Malaysian student needs community’s help to stay in Canada

University funding pulled for being gay, atheist

Hazim Ismail on campus, where he studies and volunteers for World University Service of Canada.

Photo by Daniel Crump

A University of Winnipeg (U of W) international student, Hazim Ismail, is on the verge of not only losing his chance to graduate, but at risk of losing his chance to stay in Canada.

“I was disowned for being gay and atheist and had my funding cut off and now need to raise enough for winter term in January 2016,” Ismail writes on a GoFundMe crowdsourcing page he started in hopes of funding his U of W studies.

When Ismail’s mother and aunt found out he was gay and an atheist, they pulled his university money and disowned him.

Ismail came here in May 2013 from Malaysia to study psychology.

“I worked as a headhunter. (There was) so much discrimination, so much racism, colourism,” Ismail says. “And that’s when I started to read psychology articles to know why is this happening. And I’d love to go deeper in it.”

Pursuing psychology is not the only reason he came to Canada.

“I didn’t feel free back in Malaysia,” Ismail says.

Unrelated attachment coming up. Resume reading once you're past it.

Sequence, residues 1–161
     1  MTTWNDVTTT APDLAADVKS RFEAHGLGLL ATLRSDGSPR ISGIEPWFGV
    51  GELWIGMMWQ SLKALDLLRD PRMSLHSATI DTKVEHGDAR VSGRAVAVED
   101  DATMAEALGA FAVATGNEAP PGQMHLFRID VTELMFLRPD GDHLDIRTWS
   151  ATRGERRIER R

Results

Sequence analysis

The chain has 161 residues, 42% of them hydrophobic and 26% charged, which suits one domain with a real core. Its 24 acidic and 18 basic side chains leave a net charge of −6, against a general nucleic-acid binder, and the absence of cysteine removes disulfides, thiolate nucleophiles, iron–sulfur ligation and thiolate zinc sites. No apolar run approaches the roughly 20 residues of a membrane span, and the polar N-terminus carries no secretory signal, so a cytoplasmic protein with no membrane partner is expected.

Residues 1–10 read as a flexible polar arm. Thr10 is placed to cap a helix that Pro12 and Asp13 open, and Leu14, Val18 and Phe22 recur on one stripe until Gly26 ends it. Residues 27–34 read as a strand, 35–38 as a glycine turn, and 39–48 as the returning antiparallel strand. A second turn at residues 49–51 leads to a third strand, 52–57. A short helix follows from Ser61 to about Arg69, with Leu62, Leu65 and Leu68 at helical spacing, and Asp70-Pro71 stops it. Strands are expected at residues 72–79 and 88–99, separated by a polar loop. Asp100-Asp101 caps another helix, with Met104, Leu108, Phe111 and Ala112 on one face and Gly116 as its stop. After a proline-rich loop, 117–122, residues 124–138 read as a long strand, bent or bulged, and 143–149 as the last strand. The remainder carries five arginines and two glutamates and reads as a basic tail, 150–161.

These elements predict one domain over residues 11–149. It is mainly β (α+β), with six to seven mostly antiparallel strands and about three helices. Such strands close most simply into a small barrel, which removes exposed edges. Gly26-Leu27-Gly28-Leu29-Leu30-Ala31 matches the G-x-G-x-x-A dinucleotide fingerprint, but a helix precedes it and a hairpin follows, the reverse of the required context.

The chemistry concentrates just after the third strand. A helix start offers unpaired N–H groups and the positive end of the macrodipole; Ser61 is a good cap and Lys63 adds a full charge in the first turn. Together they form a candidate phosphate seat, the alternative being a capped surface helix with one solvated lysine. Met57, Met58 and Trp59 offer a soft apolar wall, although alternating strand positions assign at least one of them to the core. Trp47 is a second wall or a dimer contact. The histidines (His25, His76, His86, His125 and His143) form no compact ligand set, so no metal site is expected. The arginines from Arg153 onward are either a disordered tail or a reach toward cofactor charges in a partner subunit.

Now that he’s here, Ismail has been heavily involved in the community and currently volunteers at the World University Service of Canada (WUSC), to help other dreamers like himself to get a chance to reach their goals.

Unfortunately, now his own journey is at risk of falling short. Last year, his family stopped funding his education and his living abroad after they discovered he didn’t belong to their religion and had a different sexual orientation.

He managed to get funding in place for the fall 2015 term, but the winter term is coming fast and so, too, is the deadline to pay tuition again.

If Ismail fails to pay tuition, he will not only be unable to continue his degree, but also may lose his immigration status. It’s necessary for him to be enrolled in classes to stay in Canada.

In Malaysia, being gay is condemned and homosexuals could face punishments of caning or prison sentences up to 20 years.

While trying to stay in Winnipeg, Ismail has been looking for a job. He’s tried organizing a fundraiser and created the GoFundMe page.

The fundraising page reassured him that people are willing to help. After 19 days, it’s managed to raise $1,925. His final goal is $5000, the amount every international student has to put toward their education each term to take just nine credits. And for Ismail it’s not only about education anymore, but about his freedom as well.

“Everybody wants to find their contribution to the world. For me, I feel like that would be psychology. It’d be nice to able to do that,” Ismail says.

To donate to Ismail, visit

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